'This Worldly': Cli-Fi Novels in Review, In A Way New York Times Books Section Might Emulate Someday (Part 1)
by Dan Bloom and agencies
Climate change is no abstraction in cli-fi, for many of us today, it's up close and personal, and the new 21st century literary genre puts climate change in human terms we can all understand.
The new literary genre of fiction has joined the ranks of eco-science eco-fantasy and eco-thrillers. It’s been dubbed cli-fi, or “climate change fiction.”
One literary critic in New York has even started writing a new monthly column devoted to cli-fi novels.
She says cli-fi novels come in many different styles. For example, novelist Kim Stanley Robinson’s cli-fi novel ''New York 2140'' depicts a Manhattan in the distant future that has been drastically altered by sea-level rise.
Another author, Barbara Kingsolver, tells a more subtle cli-fi story in ''Flight Behaviour." The popular novel is about a country woman who discovers a colony of monarch butterflies near her rural home in Tennessee, their migratory paths changed by rising temperatures.
The one thing that all cli-fi novels have in common is that climate change plays some role in the lives of the people that the stories depict.
As you can imagine, a novel about climate change does something for readers that a news article cannot. It makes climate change not an abstract concept but a story that readers can digest and understand and really feel at an emotional level.
The 30-something New York-based literary who writes the "Burning Worlds" column hopes that these books, and that her monthly ''cli-fi trends'' column, can inspire new conversations about climate change and how it affects us all.
In Canada, cli-fi is also in the air.
In fact, a new "cli-fi" anthology of short stories brings Canadian visions of future climate crises.
''A woman waits in line to get her water ration. She hasn’t had a sip of water in nearly three days. Her mouth is parched; she stumbles as she waits her turn for over an hour in the hot sun. When she he finally gets to the iTap and inserts her card into the machine that controls the water flow, the light turns red and her card is rejected. Her water credits have run out.''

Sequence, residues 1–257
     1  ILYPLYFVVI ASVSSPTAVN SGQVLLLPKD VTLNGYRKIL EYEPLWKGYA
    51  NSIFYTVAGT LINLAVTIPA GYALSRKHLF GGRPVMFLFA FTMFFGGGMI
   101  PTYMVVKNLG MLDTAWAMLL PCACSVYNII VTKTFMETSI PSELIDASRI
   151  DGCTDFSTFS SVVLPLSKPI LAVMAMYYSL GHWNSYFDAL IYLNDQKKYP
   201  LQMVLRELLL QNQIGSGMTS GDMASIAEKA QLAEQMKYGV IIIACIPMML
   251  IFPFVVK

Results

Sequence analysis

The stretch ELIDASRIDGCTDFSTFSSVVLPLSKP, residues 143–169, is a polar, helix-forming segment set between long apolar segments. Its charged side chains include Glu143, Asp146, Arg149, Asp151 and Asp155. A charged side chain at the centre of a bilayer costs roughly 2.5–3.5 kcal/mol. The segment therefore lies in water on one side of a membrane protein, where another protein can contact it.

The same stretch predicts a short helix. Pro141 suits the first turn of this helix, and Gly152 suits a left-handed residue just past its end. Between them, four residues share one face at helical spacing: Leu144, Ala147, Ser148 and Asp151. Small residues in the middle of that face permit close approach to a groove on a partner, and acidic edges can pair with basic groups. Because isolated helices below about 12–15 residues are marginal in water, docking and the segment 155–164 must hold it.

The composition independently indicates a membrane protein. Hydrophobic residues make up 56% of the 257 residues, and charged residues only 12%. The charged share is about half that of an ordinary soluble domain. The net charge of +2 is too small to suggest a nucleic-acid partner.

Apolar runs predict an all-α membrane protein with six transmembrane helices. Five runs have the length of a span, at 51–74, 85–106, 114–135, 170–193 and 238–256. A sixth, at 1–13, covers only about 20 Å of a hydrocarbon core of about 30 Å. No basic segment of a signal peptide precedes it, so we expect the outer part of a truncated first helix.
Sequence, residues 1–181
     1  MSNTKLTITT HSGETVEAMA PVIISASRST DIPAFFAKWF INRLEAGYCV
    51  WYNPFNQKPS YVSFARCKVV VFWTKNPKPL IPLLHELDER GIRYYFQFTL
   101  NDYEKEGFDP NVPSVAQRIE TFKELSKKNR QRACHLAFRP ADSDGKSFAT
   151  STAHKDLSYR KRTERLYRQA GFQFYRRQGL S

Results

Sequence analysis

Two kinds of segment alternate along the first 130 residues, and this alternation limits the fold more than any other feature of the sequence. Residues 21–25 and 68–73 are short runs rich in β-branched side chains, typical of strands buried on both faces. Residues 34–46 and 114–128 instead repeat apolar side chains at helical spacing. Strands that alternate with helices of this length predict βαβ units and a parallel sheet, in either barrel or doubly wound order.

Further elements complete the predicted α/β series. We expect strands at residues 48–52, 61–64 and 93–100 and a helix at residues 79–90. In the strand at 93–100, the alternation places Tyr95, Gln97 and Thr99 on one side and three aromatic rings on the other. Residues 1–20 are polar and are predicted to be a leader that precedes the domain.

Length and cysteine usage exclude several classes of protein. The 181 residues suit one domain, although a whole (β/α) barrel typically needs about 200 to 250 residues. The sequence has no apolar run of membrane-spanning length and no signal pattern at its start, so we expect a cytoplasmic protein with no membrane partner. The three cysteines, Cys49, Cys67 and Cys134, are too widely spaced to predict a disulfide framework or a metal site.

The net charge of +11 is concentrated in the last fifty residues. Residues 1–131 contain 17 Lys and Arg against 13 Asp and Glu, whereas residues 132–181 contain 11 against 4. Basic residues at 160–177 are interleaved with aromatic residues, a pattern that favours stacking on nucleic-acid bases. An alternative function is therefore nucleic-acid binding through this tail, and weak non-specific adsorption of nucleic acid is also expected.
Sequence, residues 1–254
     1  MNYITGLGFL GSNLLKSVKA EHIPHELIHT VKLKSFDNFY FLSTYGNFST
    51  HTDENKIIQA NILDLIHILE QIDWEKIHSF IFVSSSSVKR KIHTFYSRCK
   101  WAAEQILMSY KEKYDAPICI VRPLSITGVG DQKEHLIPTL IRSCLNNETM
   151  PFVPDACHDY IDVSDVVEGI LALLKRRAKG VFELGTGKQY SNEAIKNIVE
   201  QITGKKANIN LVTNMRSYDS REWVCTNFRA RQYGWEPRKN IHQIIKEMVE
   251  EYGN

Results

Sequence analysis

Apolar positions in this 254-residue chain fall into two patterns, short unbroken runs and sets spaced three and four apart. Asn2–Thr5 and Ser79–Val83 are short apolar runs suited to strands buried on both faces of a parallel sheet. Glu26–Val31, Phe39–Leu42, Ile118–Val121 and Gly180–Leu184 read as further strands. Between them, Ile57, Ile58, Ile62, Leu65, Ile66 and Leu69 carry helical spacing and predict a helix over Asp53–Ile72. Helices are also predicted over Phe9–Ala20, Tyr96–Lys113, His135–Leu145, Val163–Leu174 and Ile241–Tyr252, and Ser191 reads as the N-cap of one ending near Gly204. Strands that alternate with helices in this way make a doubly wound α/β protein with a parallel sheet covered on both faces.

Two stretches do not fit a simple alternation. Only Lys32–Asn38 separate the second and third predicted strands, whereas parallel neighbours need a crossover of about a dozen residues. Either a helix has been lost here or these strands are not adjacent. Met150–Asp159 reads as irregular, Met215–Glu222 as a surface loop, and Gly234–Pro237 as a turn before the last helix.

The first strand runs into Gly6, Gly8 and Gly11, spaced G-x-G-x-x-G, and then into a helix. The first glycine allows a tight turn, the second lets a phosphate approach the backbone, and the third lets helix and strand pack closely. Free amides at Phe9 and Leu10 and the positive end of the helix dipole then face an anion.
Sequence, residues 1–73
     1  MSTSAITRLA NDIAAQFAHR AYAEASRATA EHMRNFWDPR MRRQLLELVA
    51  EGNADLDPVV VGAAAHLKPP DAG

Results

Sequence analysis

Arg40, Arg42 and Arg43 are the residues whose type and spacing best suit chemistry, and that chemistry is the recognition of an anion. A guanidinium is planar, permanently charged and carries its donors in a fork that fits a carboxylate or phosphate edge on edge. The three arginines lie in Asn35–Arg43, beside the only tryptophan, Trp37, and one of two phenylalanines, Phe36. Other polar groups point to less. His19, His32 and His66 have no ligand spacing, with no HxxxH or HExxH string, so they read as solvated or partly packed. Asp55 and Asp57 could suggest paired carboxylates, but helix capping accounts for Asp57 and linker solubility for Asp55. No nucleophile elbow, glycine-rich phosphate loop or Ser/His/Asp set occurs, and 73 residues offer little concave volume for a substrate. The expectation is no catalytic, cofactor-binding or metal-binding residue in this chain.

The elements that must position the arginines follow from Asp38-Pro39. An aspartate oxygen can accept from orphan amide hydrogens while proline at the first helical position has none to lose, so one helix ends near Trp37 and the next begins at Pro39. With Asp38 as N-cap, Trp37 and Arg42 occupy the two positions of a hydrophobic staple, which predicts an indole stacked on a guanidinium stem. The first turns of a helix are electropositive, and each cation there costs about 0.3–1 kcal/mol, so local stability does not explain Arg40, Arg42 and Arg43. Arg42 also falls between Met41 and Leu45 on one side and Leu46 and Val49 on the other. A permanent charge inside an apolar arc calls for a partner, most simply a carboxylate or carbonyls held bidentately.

The above is a scenario from “The Way of Water” by Canadian novelist Nina Munteanu and it's one of many contained in the recently published anthology of short stories titled: ''Cli-Fi: Canadian Tales of Climate Change." The 17 stories in this book, edited by Bruce Meyer, examine how humankind might struggle with the potential devastation of climate change in the near or distant future.
Soon after a friend finished reading the book, Cape Town in South Africa, known in precolonial times as “the place where clouds gather” -- announced that it was only a few months away from what it called “Day Zero,” the day the city would officially run out of water, making the similarities between fiction and reality more than unsettling, my friend said in his introduction to the anthology.
Munteanu’s story is set in a futuristic Canada that has been mined of all its water by thirsty corporations who have taken over control of the resource. Rain has not fallen on Canadian soil in years due to advances in geoengineering and weather manipulation preventing rain clouds from going anywhere north of the Canada-US border.
''Canadian Tales of Climate Change'' is a great introduction to the emerging and growing genre of Cli-Fi, an abbreviated term for Climate Fiction. Literary critics call on writers to use their creative passion to engage readers on the potential disasters of climate change and these 17 Canadian writers have answered the call, according to editor Bruce Meyer Their stories span several genres, including speculative fiction, realism, and more.
Back in the USA, a new monthly column called "Burning Worlds" is dedicated to examining important trends in climate change fiction, or “cli-fi.”
Writes the columnist: "For years, authors have been writing climate change fiction, or “cli-fi,” a genre of literature that imagines the past, present, and future effects of climate change. Their work crosses literary boundaries in terms of style and content, landing on shelves marked “sci-fi” and “literary fiction.” Perhaps you’ve read one of the classics: Margaret Atwood’s 'Oryx and Crake' or Kim Stanley Robinson’s' Forty Signs of Rain.' Then there’s Ian McEwan’s 'Solar' and J. G. Ballard’s 1965 novel 'The Burning World', from which [my] column derives its name. Each of these novels -- like others in the genre -- help us to 'see' possible futures lived out on a burning, drowning, or dying planet.''
"Burning Worlds” perhaps will one day also appear in the New York Times, although maybe under a different title. One never knows. For now the column features interviews, reviews, and analyses of the cli-fi genre with the hope of generating a larger conversation about climate change and why imagined depictions of the phenomenon are vital to the literary community -- and beyond.
Here is an interview with a climate activist and journalist who coined the term “cli-fi” (read more about him in this interview with Literary Hub).
The 70-something literary theorist founded and maintains The Cli-Fi Report, the web’s most comprehensive site dedicated to cli-fi. A tireless crusader for the genre and a self-proclaimed “cli-fi missionary, ” in this interview, he discusses what inspired his passion for climate change fiction, why he thinks the term “cli-fi” caught on, and what he recommends we all read next.